For my part I started yelling at him after his flew past me. "You're a &%$# cop you *&%@ idiot. You'll supposed to uphold the law, not endanger people's lives" He didn't even acknowledge what he'd done, or do the "oh, sorry, sorry" Korean phoney thing. If anyone knows that area you are aware how busy that sidewalk can get. And yet here comes this uniformed clown flying out onto the sidewalk from behind a 'blind' wall. If I had been running for the subway rather than walking he would have hit me and done serious damage.

And these are the clowns we're expecting to enforce traffic safety laws in Korea.Confused

That's what the cameras are for. The police are all show and no go.


absolutely agree! look at the jeju incident. instead of trying to take more positive action ( like educating people to respect women and not think its ok to rape them/security/educating women not to take lonely, midnight walks/ addressing the social issues), the answer is 'put up cctv cameras!'.
f@&Ģing genius these koreans...
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Smithington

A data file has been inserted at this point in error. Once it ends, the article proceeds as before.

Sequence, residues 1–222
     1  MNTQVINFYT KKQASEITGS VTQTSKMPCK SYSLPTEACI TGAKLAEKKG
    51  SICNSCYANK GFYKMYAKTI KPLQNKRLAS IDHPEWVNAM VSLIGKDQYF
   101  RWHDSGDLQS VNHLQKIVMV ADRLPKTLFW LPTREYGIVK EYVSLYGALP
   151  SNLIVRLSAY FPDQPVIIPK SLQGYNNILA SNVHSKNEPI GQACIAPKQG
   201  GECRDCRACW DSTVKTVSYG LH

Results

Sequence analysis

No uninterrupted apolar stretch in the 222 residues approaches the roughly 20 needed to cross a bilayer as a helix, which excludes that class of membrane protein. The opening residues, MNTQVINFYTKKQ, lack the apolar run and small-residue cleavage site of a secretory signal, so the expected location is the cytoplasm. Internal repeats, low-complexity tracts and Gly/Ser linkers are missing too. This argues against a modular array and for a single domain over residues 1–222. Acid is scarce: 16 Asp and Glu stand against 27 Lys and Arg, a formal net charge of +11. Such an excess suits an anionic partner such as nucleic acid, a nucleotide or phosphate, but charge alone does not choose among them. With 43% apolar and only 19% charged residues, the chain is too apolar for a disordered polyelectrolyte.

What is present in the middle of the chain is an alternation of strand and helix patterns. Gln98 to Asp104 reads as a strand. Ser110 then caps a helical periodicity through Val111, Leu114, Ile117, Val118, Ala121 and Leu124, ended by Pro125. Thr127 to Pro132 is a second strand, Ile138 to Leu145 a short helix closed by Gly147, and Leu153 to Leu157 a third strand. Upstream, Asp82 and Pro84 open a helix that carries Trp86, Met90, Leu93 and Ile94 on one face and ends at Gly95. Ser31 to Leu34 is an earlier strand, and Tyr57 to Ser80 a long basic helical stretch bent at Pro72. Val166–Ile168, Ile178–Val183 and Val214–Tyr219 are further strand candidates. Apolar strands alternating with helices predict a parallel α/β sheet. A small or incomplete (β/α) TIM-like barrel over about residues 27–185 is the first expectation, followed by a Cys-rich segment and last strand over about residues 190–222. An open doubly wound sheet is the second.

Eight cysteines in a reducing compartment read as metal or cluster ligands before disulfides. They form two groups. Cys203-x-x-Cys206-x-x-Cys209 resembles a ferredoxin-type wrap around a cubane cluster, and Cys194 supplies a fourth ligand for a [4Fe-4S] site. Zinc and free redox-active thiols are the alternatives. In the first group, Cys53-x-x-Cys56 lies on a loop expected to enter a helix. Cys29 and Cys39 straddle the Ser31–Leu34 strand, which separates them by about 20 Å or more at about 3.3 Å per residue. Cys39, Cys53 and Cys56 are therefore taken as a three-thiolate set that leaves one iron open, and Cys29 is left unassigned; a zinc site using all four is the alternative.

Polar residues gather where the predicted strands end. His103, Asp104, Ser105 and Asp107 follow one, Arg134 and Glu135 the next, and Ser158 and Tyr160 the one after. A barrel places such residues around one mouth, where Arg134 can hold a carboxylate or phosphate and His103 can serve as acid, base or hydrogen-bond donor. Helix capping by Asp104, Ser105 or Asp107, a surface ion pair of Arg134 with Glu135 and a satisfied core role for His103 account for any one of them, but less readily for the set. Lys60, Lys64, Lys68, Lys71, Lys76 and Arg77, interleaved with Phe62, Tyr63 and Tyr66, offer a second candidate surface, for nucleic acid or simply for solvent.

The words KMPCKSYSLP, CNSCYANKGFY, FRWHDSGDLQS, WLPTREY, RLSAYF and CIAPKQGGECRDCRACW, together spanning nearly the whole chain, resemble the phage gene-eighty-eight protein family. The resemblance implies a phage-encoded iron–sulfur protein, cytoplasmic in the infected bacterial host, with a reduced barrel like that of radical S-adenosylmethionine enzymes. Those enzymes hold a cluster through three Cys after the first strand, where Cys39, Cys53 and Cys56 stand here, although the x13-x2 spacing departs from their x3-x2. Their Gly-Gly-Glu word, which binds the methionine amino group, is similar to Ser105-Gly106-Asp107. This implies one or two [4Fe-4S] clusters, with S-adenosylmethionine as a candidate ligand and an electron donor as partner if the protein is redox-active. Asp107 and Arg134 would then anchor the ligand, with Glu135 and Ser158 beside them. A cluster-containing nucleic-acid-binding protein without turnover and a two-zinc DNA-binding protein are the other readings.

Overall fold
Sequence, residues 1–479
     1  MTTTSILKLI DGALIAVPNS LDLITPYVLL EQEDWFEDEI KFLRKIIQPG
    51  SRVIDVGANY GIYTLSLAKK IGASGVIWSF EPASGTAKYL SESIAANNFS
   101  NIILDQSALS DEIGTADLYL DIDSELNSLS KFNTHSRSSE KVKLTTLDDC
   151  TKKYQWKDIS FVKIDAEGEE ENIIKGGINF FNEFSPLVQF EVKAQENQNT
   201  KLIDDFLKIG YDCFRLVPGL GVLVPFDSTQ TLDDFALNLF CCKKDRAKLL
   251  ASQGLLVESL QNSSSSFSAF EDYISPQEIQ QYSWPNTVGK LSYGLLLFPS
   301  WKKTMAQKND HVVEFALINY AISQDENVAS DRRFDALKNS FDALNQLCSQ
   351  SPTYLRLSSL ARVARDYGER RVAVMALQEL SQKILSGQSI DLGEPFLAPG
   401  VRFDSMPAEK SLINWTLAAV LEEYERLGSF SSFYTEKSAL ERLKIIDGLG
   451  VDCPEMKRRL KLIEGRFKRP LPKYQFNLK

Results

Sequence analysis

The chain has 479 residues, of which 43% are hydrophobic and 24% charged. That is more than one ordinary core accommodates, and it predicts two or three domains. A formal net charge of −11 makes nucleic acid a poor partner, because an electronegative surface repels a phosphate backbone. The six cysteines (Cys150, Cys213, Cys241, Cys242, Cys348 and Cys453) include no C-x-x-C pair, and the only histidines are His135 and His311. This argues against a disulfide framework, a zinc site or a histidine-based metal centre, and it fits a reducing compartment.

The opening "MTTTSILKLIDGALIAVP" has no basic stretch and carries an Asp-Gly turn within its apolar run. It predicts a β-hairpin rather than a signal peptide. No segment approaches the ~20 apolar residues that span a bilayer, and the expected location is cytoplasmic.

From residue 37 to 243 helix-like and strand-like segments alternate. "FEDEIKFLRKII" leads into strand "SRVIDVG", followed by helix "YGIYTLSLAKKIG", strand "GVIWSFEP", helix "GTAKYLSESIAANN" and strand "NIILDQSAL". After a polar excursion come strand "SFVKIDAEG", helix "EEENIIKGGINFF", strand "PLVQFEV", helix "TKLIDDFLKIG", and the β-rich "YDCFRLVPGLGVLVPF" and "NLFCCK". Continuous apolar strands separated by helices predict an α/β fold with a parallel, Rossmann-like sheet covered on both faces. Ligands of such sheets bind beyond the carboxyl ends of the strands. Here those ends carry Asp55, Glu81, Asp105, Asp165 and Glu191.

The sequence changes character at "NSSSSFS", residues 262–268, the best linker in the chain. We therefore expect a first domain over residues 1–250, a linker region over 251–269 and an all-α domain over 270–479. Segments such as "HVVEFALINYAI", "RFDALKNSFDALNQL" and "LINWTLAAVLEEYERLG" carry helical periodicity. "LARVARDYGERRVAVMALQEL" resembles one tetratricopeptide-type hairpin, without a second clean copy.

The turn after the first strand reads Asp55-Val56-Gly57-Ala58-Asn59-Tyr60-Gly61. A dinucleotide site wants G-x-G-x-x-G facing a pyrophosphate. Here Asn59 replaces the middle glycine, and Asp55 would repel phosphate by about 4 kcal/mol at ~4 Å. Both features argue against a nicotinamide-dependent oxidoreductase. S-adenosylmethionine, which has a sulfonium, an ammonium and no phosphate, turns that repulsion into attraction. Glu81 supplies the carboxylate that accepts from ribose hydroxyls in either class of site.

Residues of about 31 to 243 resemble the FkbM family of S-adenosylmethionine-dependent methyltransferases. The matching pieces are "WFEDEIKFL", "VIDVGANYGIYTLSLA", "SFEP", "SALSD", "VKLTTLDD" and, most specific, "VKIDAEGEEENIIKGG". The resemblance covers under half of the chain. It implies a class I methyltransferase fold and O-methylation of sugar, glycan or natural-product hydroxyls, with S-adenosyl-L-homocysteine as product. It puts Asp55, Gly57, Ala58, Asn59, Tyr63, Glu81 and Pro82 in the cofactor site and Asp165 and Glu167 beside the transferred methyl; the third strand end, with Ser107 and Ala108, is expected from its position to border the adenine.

Joined: 14 Dec 2011

PostPosted: Wed May 15, 2013 9:56 pm    Post subject: Reply with quote

I like when you stop at the edge of a sidewalk to let a car pass, and she pulls up in front of you and parks - right across the sidewalk you're waiting to cross. They get out of the car and you indicate to them that you're annoyed, and they give you the "what, what?" gesture.

Different planet, different species I guess.
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World Traveler



Joined: 29 May 2009

PostPosted: Wed May 15, 2013 10:02 pm    Post subject: Reply with quote

http://www.sisa-news.com/news/article.html?no=45551

Quote:
A 26 year-old American native speaking teacher was killed when he was hit by a bus crossing the street at a crosswalk at Dongmak intersection in Incheon's Yeonsu-gu at 2:30pm on Saturday. The driver was apparently making a left turn towards the industrial complex there and was surprised to see the teacher walking across the crosswalk. The teacher arrived in Korea last May and was working at an elementary school in Paju. Police informed his family via the US Embassy and are investigating the 58 year-old driver and trying to determine the exact series of events which occurred.